Your credit score has a humble history. In the 1950s, engineer Bill Fair and mathematician Earl Isaac devised a mathematical formula to help creditors analyze data. Their idea was simple but radical: a credit scoring system. It didn't catch on at first, but then Conrad Hilton (founder of Carte Blanche, one of the world's first credit cards) and Montgomery Ward started using credit scores in the late 1950s and early '60s [source: Fair Isaac].
The Fair Isaac Corporation refined its formula as Americans became more dependent on credit. As a result, your FICO score -- the number between 300 and 850 that most people refer to as a credit score -- became widespread. And in 1989, the first general FICO score was issued by a major credit bureau. The score represented -- and still does -- a culmination of your credit worthiness.
Image Gallery: The Burden of Debt
The global consumer economy is based largely on borrowing money. Americans buy homes and cars through loans from banks. Even smaller purchases can be made with credit cards. When people borrow this money, they're charged interest. The money generated from interest is how banks and other creditors earn profits.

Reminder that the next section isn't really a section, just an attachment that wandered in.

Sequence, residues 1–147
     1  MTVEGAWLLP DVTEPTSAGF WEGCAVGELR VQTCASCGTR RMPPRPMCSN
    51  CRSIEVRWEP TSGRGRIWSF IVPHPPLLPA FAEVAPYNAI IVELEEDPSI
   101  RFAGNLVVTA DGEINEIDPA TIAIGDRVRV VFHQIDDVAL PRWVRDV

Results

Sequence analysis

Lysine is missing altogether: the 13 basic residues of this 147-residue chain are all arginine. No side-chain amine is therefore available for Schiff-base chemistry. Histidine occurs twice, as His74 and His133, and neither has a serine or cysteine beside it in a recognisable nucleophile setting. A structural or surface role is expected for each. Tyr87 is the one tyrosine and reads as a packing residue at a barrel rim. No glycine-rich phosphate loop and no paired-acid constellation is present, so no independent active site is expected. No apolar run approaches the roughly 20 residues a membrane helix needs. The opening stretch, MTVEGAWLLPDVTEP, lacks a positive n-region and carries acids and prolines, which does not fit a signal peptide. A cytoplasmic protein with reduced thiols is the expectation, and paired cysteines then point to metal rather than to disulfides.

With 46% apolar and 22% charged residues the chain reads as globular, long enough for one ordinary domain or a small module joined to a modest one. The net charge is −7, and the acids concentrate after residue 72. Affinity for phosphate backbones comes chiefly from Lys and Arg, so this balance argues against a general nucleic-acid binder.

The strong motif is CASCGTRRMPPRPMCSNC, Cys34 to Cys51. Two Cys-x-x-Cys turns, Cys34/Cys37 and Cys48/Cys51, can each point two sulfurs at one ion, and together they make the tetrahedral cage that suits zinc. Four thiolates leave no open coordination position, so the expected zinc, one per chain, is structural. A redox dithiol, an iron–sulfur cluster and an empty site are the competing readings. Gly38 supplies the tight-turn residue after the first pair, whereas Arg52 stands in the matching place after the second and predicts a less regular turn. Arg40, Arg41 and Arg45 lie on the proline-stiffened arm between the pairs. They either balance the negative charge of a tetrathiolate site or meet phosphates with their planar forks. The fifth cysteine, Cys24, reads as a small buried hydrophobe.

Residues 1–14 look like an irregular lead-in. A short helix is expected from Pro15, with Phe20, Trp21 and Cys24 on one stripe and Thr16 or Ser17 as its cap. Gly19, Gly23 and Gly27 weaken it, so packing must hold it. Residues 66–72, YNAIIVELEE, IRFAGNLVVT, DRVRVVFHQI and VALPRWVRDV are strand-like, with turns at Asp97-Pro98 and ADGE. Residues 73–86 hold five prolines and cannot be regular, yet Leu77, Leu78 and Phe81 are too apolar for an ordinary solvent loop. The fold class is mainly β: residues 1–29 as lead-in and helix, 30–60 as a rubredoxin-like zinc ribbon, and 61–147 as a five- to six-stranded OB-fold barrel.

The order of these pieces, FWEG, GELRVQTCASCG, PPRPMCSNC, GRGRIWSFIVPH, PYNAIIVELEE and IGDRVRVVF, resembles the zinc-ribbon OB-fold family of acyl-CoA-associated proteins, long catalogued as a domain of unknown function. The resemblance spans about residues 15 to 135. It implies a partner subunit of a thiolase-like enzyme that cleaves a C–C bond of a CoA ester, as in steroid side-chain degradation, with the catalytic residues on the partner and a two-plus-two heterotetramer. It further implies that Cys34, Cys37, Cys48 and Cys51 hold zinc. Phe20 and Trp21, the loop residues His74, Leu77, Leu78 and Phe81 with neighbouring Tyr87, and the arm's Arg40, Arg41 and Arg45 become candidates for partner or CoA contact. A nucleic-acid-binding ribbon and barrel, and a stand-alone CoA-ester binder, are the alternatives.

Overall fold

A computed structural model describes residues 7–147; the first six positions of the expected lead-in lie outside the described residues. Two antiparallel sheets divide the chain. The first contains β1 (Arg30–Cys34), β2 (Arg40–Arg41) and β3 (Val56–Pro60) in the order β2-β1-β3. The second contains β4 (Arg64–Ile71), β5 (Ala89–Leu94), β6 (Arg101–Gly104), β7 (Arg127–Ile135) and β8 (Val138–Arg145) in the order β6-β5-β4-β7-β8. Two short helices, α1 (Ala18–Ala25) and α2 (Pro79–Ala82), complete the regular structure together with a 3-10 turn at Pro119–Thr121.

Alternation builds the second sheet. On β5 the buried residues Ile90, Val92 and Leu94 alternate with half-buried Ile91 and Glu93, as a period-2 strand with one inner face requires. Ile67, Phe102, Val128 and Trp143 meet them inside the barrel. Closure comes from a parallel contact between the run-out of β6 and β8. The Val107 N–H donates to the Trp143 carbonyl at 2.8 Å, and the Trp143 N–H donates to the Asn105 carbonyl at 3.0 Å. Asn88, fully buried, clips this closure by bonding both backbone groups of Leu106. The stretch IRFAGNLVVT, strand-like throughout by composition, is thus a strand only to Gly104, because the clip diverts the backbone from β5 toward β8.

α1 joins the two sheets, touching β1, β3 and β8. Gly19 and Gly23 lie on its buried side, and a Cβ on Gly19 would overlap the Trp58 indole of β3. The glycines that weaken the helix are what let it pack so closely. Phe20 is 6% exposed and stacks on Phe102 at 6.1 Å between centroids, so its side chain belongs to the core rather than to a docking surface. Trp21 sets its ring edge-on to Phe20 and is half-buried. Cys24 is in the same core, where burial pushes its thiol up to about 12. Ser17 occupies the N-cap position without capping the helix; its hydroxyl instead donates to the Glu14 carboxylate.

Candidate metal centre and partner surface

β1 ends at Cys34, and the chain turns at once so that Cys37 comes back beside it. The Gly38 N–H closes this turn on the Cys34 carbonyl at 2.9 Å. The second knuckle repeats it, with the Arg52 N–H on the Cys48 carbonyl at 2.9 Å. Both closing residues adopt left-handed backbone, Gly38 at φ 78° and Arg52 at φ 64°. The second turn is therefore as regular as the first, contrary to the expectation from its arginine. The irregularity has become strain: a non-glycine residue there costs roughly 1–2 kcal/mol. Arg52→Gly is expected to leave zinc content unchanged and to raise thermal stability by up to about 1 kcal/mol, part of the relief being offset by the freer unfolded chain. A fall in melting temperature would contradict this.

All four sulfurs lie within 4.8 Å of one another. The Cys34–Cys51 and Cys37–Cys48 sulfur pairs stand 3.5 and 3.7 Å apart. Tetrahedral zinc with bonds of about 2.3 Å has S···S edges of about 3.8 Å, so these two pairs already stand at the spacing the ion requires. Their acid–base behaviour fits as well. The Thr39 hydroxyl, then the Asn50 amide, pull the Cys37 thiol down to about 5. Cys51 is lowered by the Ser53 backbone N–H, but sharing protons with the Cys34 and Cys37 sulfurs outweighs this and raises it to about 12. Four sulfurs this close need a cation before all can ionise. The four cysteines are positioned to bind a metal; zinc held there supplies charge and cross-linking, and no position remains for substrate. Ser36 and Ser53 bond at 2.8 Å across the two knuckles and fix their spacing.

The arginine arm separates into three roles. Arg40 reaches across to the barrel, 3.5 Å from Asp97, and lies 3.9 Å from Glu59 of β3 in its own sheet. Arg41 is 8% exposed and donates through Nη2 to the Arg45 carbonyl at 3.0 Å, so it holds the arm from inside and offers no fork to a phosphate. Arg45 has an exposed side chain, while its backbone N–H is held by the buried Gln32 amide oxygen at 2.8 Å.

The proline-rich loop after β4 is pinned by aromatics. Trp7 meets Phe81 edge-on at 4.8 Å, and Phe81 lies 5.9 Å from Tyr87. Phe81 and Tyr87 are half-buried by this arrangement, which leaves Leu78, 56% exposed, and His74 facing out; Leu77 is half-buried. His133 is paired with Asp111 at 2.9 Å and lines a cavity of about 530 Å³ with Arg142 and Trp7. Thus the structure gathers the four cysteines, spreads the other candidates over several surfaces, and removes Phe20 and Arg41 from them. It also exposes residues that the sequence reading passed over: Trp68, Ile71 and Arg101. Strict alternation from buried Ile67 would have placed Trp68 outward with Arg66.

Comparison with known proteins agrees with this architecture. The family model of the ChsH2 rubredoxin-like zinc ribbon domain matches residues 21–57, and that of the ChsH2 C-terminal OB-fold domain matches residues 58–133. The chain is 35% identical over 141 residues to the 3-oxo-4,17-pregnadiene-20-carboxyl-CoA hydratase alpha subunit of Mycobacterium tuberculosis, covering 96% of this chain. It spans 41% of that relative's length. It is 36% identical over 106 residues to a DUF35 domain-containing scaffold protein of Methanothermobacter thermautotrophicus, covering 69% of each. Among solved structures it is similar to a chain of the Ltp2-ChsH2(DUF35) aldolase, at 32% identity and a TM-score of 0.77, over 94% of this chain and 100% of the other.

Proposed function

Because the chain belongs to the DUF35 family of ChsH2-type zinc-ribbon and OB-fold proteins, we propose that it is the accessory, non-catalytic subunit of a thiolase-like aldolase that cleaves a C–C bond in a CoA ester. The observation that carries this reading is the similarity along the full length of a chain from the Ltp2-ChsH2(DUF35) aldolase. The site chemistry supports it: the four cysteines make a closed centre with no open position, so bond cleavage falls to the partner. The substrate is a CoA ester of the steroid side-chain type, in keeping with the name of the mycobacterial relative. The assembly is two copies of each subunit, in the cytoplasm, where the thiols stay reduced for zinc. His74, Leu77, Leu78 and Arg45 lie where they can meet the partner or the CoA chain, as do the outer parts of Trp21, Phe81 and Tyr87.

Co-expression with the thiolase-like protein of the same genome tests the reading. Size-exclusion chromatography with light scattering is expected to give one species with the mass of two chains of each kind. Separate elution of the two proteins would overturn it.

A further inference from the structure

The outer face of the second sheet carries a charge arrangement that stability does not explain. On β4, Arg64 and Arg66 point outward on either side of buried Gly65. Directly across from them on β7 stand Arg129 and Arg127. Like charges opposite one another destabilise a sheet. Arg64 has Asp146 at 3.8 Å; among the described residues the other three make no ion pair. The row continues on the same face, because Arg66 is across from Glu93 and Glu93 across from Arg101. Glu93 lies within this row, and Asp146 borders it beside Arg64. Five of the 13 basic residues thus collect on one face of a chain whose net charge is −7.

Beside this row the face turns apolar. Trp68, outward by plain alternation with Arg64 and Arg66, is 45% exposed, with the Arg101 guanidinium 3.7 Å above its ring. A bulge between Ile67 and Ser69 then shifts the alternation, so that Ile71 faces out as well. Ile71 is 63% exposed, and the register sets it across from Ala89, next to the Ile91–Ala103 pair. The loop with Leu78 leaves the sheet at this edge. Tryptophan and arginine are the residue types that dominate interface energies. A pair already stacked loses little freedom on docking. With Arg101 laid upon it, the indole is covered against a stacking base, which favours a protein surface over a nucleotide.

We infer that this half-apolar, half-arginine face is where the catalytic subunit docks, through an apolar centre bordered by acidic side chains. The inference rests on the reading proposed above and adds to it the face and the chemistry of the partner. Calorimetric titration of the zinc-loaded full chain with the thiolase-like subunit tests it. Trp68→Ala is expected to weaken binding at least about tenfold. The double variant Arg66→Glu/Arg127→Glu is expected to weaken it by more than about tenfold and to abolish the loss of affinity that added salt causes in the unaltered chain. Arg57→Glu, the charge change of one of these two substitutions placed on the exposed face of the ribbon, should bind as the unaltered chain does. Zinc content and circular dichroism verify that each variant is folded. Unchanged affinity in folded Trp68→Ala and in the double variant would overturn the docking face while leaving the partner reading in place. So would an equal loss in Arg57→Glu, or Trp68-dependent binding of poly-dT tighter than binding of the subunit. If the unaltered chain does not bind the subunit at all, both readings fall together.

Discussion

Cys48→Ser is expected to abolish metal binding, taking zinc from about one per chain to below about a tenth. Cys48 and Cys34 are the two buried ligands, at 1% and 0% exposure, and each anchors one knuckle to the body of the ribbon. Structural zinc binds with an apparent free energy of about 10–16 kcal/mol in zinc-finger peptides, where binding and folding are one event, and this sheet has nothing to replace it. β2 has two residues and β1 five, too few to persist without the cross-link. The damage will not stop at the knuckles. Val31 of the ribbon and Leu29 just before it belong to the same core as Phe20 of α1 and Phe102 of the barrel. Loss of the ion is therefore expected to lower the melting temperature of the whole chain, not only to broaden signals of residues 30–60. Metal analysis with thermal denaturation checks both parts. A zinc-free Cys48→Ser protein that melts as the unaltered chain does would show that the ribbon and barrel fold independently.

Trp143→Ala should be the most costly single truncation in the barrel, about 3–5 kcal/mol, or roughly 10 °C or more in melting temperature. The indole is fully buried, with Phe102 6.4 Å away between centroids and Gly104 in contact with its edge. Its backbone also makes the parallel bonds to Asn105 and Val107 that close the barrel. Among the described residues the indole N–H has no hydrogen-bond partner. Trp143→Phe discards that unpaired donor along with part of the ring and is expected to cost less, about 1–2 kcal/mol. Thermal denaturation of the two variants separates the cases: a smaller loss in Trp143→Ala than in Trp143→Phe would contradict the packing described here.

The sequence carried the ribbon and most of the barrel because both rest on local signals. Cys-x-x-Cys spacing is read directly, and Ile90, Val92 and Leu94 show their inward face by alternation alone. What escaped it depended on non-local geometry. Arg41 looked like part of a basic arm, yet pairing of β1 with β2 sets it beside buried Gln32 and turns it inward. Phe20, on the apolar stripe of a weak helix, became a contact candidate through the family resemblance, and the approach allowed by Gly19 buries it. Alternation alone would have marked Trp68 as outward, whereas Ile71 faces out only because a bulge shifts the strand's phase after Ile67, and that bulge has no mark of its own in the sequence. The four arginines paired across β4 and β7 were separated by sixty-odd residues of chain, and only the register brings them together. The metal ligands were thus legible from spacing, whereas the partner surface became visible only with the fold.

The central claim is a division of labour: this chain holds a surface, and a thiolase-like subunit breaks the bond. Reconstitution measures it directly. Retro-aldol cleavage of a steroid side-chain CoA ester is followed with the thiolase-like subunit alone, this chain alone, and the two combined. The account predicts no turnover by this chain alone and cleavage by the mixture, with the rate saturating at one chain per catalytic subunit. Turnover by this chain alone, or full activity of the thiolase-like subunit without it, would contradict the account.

Interest can be levied simply as the cost of doing business, as on short-term or revolving loans like credit cards. For long-term loans -- like home mortgages -- interest is levied to offset inflation. In the future, the money you pay back might not be worth as much as it was when it was lent to you since the value of currency fluctuates over long periods of time.
Borrowing money costs you money. And borrowing can be expensive or relatively cheap, depending on your FICO score. The score is essentially a quantification of the risk you pose to your creditor. Have a high score? This generally indicates that you're likely to pay back the loan on time and consistently. Hence, you're charged less interest. The converse is true as well.
So what is the average credit score? Find out on the next page.